Kurtosis is a statistical term primarily used in the field of probability and statistics. It refers to a measure that quantifies the shape or peakedness of a probability distribution's tails in relation to its central tendency. In simpler terms, it examines the extent to which the data in a dataset deviates from a normal distribution.
More precisely, kurtosis measures the outlier behavior of a distribution, indicating whether the data has heavy or light tails compared to a normal distribution. It assesses the concentration of values in the central part of the distribution, influencing the presence of extreme values or outliers.
There are three common types of kurtosis: mesokurtic, platykurtic, and leptokurtic. A mesokurtic distribution displays a standard level of kurtosis and closely resembles a normal distribution. On the other hand, a platykurtic distribution has shorter and flatter tails than the normal distribution, indicating fewer outliers. Conversely, a leptokurtic distribution displays higher and more pronounced tails, suggesting the presence of more extreme values or outliers compared to a normal distribution.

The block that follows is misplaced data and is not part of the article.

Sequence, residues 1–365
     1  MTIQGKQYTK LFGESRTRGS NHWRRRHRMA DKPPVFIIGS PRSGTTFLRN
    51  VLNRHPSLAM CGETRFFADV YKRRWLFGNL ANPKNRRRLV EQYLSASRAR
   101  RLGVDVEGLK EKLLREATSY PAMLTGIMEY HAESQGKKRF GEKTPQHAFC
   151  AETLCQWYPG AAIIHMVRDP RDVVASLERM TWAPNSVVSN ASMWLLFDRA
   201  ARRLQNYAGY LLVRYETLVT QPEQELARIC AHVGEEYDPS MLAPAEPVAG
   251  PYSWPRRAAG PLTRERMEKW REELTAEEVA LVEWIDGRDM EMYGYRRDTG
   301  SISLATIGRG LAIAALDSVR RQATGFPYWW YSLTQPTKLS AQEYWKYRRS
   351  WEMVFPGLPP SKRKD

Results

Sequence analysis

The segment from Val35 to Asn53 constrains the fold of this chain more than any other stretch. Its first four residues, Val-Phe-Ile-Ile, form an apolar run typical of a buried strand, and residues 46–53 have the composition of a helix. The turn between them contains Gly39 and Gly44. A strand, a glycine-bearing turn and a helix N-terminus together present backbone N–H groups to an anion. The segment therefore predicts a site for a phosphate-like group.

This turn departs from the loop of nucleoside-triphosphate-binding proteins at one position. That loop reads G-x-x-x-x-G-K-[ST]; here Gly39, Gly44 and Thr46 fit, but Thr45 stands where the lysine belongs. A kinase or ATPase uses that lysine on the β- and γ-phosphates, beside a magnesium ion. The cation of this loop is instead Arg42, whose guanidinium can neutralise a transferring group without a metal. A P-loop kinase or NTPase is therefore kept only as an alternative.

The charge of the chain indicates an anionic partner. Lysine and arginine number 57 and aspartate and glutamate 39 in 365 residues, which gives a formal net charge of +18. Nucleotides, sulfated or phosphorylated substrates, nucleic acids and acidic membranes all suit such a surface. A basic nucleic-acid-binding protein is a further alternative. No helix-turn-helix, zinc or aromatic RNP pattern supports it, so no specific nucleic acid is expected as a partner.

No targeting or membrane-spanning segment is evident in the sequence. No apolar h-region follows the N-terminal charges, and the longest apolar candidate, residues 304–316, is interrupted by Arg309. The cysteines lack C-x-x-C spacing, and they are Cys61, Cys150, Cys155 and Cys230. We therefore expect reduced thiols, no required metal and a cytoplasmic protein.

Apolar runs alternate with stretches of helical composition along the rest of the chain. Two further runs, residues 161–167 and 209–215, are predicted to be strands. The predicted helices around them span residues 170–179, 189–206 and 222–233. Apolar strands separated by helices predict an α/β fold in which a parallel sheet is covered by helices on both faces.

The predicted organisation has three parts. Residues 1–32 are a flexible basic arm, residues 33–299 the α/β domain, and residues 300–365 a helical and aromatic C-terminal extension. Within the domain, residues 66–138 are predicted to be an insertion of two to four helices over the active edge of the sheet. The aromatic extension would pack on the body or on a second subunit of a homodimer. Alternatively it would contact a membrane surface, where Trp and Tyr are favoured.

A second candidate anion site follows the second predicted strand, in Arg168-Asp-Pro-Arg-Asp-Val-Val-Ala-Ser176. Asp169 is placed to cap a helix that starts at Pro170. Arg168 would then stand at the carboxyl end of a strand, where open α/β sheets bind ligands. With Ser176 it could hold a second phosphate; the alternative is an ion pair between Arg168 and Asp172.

Kurtosis is typically measured through statistical calculations such as the excess kurtosis, which extracts the kurtosis value of a distribution with reference to a normal distribution. This value can be positive or negative, representing the degree of deviation from normality, with zero indicating a perfectly normal distribution.
The word "kurtosis" originated from the Greek word "kyrtos", meaning "curved" or "arched". It was first used in statistics in the early 20th century to describe the shape of a probability distribution curve. The term was introduced by the British statistician Karl Pearson, who sought to quantify the degree to which a distribution deviates from a normal distribution. The concept of kurtosis measures the "peakedness" or "tailedness" of a distribution when compared to the normal distribution curve.